Supported by the model forecasts and the continued warmth across the Pacific Ocean, the official forecast calls for the development of most likely a weak El Niño during September 2012, persisting through December-February 2012-13
The evolving conditions, combined with model forecasts (Fig. 6), suggest that ENSO-neutral and El Niño are roughly equally likely during the late northern summer and fall. The CPC/IRI forecast calls for ENSO-neutral conditions through JAS, followed by an approximately 50% likelihood for El Niño during the remainder of the year (see CPC/IRI consensus forecast).
The month of April is the 60th anniversary of the founding of Roofmaster by Deryl Yundt. My Dad had been the Pacific Coast manager for Aeroil Products Company of South Hackensack, New Jersey. He actually had taken over for the previous manager, Les Cleasby, who was starting a new venture, to be called Cleasby Whittig, in San Francisco.
In his tenure at Aeroil, he was asked by his customers to handle more products than just what Aeroil manufactured. In asking his manager, Joe
Halperin, to expand their inventory, he was told “we are manufacturers of equipment. You are employed to sell that equipment. You are not employed to sell shovels. End of conversation.”
With the financial backing of some local roofing contractors, Deryl hired one employee, Cornie. Cornie received and delivered all orders. We had customers that suggested new items from problems they had with roofing applications. From that came the first Mopmaster, a 10 gallon half drum on wheels with a handle and the Rotomaster to apply asphalt to sheet for sawtooth roofs. We had been private labeling our Feltmaster and
Gravelmaster to Aeroil for about two years, so that was added to the mix.
We have seen lots of changes in the industry in our 60 years. From hot to cold to hot again with modifieds and Leister hot air welders. From roofing in tee shirts and shorts to being covered in safety gear and monitor vests. From the wonderful smell of “hot” to the sound of a Varimat V-2 at 39 feet per minute. From selling a kettle a day in the ’70’s to celebrating selling a kettle in a quarter.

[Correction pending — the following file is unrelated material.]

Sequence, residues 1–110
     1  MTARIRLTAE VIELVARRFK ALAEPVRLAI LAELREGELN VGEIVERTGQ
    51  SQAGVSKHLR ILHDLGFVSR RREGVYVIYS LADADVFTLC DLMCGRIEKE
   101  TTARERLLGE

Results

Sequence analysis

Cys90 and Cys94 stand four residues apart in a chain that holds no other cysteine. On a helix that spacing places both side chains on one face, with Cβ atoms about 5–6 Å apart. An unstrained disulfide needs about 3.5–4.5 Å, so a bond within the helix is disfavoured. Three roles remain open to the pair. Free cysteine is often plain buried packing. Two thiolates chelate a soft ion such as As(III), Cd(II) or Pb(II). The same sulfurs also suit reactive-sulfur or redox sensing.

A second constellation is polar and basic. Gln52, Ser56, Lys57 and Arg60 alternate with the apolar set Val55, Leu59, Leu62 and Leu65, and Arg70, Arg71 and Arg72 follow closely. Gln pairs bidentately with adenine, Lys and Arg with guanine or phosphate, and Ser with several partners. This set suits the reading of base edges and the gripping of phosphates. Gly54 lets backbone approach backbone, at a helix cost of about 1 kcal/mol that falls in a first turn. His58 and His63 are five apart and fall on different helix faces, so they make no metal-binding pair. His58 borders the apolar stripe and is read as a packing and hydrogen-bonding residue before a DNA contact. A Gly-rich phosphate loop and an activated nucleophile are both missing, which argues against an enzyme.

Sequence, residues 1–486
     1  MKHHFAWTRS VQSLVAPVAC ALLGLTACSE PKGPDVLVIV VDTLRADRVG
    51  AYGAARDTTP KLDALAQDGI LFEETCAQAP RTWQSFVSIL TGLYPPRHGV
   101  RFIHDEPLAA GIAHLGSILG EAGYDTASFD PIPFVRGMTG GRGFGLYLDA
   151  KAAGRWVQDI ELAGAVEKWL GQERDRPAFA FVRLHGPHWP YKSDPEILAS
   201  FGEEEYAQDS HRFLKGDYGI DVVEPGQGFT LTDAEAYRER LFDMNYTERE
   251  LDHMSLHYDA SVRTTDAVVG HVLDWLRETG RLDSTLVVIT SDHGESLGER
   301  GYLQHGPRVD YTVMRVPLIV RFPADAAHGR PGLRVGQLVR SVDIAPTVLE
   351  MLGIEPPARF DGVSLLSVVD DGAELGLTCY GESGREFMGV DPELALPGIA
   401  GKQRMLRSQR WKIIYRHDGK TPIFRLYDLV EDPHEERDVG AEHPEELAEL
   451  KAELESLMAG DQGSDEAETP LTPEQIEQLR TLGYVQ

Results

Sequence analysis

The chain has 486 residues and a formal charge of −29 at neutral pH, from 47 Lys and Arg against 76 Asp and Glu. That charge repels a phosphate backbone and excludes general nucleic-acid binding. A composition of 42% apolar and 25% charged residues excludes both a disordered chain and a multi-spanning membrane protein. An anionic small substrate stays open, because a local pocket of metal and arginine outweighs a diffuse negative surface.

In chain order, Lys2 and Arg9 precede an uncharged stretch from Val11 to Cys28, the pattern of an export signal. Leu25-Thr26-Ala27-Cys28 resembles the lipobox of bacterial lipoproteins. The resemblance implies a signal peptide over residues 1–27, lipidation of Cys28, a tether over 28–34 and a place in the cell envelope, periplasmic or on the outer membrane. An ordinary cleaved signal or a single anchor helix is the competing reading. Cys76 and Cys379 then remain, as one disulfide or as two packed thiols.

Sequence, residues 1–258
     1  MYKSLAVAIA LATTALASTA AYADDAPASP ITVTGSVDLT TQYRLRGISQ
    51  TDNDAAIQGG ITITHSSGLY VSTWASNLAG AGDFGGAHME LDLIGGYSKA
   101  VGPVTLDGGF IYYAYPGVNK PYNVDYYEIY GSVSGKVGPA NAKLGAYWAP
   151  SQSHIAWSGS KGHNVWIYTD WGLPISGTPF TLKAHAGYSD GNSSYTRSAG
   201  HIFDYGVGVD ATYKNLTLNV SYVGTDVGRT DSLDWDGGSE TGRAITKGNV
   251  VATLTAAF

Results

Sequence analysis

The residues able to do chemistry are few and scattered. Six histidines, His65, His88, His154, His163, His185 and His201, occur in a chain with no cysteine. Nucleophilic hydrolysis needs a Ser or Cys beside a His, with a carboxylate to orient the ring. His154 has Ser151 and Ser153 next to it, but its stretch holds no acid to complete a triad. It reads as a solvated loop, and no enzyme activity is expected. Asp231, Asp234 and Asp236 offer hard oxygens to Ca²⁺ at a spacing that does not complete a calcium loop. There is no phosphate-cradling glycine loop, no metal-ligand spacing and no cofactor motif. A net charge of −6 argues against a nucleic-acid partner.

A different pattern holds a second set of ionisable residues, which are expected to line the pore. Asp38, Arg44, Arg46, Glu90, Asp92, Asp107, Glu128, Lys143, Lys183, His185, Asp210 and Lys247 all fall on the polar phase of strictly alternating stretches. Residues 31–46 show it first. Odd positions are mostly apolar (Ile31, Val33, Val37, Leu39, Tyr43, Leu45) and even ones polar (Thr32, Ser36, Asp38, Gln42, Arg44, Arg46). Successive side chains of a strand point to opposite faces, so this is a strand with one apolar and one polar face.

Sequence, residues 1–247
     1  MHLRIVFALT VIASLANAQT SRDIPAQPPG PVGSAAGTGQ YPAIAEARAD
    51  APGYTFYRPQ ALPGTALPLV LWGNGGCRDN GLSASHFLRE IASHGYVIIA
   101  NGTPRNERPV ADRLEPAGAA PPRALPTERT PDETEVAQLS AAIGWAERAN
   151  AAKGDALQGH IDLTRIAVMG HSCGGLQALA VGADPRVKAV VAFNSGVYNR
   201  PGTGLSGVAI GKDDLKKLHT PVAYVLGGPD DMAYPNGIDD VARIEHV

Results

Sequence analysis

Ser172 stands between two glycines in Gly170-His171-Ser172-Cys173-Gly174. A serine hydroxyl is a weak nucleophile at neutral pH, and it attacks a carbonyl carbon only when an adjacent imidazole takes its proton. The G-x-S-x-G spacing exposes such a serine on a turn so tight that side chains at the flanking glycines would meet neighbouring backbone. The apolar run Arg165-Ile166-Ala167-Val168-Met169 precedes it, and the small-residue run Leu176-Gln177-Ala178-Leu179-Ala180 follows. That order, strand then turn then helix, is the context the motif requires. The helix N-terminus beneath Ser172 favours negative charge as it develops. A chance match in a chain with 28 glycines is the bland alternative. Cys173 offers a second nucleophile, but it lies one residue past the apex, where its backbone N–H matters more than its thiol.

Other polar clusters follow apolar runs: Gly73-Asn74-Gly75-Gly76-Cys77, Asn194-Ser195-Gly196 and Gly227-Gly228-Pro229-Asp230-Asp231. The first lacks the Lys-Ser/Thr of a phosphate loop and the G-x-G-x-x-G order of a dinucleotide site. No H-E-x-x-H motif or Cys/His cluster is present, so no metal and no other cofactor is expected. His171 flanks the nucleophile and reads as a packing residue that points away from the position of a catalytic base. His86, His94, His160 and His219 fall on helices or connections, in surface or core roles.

We have seen customers come and go. Southern Distributors, Bryant Universal, San Fernando Valley Lumber, Berkheimers, Hugh McNiven.
We have seen vendors come and go. Aeroil, Blackwell Burner, Smith Hoist.
And we have seen employees come and go. To their maker, Deryl, Jim Nienow and John Mac. To other ventures, Andranette and Greg.
As we enter our next 60 years, we have the third generation in place, ready to attack the challenges of a changing
marketplace and the ever changing weather, job, material and government conditions.
We raise our glass and toast all of our customers, vendors and employees, for helping us to achieve the past 60 and helping us for the generations to come.
Ever wonder why there have been so many different kettle temperature controls available?
As I was told, many years ago, the first temperature control was by Cleasby Manufacturing in San Francisco. It seems their next door neighbor was I.T.T. General Controls. In a conversation with a salesperson, the subject came up of overheating asphalt. It was suggested to use the thermopilot B61 valve control, normally used on a water heater. This required a pilot flame that “proved” the thermopilot to open and close the main gas valve.